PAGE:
Longdean ‘very strong’ says outgoing head

18/8/2011'A-level results at Astley Cooper, Adeyfield and Longdean Schools in  Hemel Hempstead.'Headteacher Rhodri Bryant and students at Longdean.
18/8/2011'A-level results at Astley Cooper, Adeyfield and Longdean Schools in Hemel Hempstead.'Headteacher Rhodri Bryant and students at Longdean.
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OUTGOING head at Longdean School Rhodri Bryant will be taking up the helm at a school in Slough hit by a scandal that has seen two senior staff leave.

Both the headteacher and academic principal at the Langley Academy were suspended in May for undisclosed matters.

Mr Bryant will be stepping in as headteacher next April, but he does not see himself as a troubleshooter.

“I was not head-hunted or anything. People are thinking that but that’s not the case at all,” he said.

“An opportunity arose through a second-hand conversation. I looked at the post. It does offer various challenges and opportunities and financial security for my family that became very difficult to turn down.”

Concerning his predecessor he said: “They left under a cloud and I am not in a position to say anything.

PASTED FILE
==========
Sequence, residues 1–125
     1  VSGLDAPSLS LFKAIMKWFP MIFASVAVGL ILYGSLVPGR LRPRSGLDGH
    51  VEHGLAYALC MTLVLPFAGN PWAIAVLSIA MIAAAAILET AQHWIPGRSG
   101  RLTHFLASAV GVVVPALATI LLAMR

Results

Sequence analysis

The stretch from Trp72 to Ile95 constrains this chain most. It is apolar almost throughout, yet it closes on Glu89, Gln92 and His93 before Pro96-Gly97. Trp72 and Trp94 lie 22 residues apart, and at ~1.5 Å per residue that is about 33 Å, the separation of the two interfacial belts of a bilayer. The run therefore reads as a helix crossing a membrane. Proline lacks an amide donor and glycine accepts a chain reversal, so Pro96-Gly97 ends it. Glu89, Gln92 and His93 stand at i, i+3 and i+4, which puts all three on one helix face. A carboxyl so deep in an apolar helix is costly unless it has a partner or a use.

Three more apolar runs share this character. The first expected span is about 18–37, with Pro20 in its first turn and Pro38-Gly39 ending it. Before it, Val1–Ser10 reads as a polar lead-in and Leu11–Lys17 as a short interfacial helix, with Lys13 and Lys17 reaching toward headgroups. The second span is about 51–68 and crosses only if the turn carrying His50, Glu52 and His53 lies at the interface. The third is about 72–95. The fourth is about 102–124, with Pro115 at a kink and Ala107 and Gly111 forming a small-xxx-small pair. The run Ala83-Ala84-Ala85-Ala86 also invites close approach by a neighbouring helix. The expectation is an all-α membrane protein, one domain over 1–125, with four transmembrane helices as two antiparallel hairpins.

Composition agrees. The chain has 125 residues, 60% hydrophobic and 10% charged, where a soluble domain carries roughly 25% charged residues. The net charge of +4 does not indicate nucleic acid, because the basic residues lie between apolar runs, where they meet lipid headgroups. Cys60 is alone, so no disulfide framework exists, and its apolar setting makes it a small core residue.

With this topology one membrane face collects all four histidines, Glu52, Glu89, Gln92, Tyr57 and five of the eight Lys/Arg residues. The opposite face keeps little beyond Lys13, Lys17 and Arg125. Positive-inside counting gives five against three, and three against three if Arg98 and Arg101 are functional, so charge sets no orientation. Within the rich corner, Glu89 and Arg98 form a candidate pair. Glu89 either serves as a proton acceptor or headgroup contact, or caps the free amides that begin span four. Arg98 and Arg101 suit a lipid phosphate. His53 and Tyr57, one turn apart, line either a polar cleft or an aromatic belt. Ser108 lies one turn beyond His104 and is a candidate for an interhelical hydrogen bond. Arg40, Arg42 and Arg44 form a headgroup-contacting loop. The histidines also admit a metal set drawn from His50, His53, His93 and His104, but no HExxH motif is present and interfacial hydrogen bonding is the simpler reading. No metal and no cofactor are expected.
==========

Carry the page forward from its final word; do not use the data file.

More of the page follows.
“The school has had a difficult time.”

This is far from what Mr Bryant will be leaving behind at Longdean, where over his five-year stewardship he has raised Ofsted scores from satisfactory to outstanding.

“When I got here we just scraped satisfactory. Now we get good with outstanding,” he said.

“The school is in a very strong place. The staff are as good a group of people as I have worked with.

“I am most proud that the children have a real sense of pride in going to Longdean. Parents say the school is part of the community and they want to send their children there. It’s a very welcoming atmosphere.”

The married father-of-three has overseen improving exam results and the achievement of academy status for the school since he arrived in 2006.

“The capacity of the school comes through the children,” he said.

“I think I will miss the camaraderie. I have good fun at work.

“I will work hard with the governors to make sure we get the right person to take the school on the next steps and for the next Ofsted to be outstanding.”

Longdean was Mr Bryant’s first headship and though he went to a public school he is a firm believer in comprehensive education.

“The issue is probably about how you can guarantee having good people working with children in each school. I am not sure the selective system allows that,” he said.

“By default you will have some schools that are very good and some that are not.”